I’ve heard people ask…reputable people, and in far too many places to link to here…why American authors aren’t writing novels of the calibre that we’ve seen in “classic” literature. Many think that the quality of fiction today just can’t compare to the great writers of our history. I push back on this in a few ways. While I don’t argue that there is an objective standard for good writing (or any other art form), I think that there’s also something to be said for subjective tastes. Though I can’t fathom why, there are a lot of you out there that don’t like science fiction or comic books, and may have difficulty appreciating even the best-written of the genre. That’s a matter of taste. There are still science fiction authors that one would objectively recognize a excellent writers.
The complaints that I list above, though, aren’t typically about so-called “genre” fiction, but rather literary fiction. They also tend to be made…and this is the second place in which I push back…by ivory tower elitists. I’ve certainly been accused of being a bit elitist at times, but literature, just like any art, is there for everyone to appreciate, engage, and discuss, regardless of vocation or educational standing. Sometimes analysis and debate of literature can cause us to miss the point of a wonderful story, and, again, we can say the same for any medium of creative expression.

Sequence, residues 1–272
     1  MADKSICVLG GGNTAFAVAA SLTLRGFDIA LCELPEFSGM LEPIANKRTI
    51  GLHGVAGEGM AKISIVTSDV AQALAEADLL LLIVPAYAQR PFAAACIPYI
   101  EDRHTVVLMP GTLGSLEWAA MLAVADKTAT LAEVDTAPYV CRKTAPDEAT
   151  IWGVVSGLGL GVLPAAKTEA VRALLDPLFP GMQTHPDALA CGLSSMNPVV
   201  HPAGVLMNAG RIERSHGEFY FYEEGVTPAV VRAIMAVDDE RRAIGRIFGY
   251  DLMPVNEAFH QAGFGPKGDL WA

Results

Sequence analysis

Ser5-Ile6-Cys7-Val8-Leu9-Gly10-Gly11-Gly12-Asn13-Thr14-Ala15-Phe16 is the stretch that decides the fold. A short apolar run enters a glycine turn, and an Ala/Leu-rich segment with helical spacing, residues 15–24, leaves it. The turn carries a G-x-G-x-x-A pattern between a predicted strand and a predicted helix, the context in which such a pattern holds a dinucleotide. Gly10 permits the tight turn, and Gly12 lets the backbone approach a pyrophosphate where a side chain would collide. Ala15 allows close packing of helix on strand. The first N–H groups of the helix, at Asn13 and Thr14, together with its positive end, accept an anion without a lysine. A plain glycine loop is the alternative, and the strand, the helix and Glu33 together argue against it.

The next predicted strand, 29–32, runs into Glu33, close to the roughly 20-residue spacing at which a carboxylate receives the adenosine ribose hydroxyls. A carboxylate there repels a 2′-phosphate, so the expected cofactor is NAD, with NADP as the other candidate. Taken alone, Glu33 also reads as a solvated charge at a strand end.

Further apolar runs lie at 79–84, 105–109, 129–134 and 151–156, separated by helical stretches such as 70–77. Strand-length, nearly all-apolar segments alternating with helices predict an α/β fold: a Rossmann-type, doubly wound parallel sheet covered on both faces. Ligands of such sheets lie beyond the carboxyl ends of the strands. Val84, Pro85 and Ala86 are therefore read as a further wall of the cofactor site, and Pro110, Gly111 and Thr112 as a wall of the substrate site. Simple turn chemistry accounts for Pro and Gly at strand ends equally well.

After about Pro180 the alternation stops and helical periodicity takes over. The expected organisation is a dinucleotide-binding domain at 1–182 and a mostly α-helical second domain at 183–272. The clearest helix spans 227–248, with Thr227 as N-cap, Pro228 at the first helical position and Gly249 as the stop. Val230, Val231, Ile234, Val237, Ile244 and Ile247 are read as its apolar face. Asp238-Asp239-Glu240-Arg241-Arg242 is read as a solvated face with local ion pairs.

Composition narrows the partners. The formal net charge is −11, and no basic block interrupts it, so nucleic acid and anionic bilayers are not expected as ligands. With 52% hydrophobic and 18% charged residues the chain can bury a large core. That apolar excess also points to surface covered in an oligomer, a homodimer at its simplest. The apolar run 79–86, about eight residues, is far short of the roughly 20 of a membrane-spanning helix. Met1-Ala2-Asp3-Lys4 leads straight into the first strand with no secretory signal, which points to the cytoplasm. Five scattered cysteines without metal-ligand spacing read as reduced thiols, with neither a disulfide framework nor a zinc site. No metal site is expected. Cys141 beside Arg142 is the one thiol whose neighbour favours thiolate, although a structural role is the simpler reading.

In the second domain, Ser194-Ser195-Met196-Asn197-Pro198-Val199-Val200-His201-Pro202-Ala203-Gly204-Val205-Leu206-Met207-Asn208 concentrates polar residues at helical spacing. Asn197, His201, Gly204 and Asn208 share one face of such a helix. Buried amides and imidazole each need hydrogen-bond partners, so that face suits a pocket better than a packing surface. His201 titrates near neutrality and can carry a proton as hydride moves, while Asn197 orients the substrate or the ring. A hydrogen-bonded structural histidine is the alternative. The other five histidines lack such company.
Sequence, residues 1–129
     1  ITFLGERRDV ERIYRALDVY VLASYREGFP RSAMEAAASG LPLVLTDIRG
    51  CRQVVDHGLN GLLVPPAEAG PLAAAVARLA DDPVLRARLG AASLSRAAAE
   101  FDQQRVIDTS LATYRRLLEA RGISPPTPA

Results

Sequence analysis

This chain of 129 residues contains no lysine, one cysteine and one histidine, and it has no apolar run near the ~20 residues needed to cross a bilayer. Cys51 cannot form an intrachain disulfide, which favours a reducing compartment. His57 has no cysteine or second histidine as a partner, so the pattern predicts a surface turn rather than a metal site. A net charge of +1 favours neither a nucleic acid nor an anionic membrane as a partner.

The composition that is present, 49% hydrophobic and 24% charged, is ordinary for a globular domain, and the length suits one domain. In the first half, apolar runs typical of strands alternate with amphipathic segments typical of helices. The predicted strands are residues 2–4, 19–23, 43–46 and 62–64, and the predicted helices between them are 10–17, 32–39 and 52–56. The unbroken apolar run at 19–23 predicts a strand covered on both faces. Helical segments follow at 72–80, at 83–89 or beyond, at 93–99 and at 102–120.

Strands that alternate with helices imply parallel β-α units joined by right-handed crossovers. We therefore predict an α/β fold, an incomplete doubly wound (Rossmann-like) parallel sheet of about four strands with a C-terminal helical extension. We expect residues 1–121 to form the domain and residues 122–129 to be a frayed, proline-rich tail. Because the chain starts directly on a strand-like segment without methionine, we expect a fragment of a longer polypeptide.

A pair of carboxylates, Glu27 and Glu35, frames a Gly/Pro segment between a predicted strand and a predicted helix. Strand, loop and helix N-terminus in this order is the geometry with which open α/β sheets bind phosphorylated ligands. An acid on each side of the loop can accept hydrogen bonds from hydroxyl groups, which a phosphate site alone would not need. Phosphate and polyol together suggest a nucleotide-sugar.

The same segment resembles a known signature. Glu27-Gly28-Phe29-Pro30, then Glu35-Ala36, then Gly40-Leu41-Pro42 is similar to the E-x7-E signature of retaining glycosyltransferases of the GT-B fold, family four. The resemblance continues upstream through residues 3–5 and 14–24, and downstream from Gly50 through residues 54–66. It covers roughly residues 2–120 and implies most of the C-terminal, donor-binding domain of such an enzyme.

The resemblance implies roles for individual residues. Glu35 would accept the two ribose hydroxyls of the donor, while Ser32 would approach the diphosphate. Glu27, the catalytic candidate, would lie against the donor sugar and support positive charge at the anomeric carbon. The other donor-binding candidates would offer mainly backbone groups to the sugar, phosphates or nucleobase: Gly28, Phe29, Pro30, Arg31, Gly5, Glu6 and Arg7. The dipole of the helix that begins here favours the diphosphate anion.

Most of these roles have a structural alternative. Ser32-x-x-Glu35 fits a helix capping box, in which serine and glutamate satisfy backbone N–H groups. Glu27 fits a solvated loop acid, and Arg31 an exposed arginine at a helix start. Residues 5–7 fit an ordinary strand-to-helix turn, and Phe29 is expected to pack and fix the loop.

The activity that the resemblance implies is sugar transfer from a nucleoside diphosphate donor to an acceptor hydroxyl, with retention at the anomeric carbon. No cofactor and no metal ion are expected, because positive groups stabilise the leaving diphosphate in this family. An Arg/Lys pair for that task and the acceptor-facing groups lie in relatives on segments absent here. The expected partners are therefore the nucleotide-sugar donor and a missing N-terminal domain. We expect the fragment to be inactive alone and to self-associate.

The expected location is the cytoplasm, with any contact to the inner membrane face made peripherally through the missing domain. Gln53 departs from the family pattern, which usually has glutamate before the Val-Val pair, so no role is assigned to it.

I have to agree, though, that it’s more difficult to generate quality work of any sort today. And, while art should be there for everyone to engage, that assumes that everyone has the attention span with which to engage it. The issue in both of these statements is the same: we’re so invasively and so easily distracted by things that draw us away from our creative efforts. Fellow-blogger and author Michelle Argyle wrote about something similar just today, when she discussed how wearying it can be to put so much of yourself out there for the world to see.
Odd how we feel that we have the right to dissect our culture’s celebrities, while using social media platforms that can potentially make any of us small celebrities in our circles of influence.
A lot of others have written about this, as well. Nicholas Carr has written about the phenomenon of how the Internet’s structure re-wires our brains in a 2008 article in the Atlantic that received a lot of traction, and also in a new book that I haven’t read, but that looks fascinating, The Shallows: What the Internet Is Doing to Our Brains. I’m familiar with different studies that indicate how difficult it is to regain focus on an important task following a single distraction (is that my phone dinging?), and how this negatively impacts productivity in a corporate environment.
How much more so in the creative process, which requires sustained, focused attention to the art which is so lovingly being crafted?
Or, the book that we find progressively more difficult to read? The painting that we can’t sit still long enough to to contemplate? The child with whom we struggle to provide our full attention because of the nagging tasks competing for us within easy arm’s reach?
In a more comedic way, this says it well. We’re losing a part of our humanity as we lose our focus: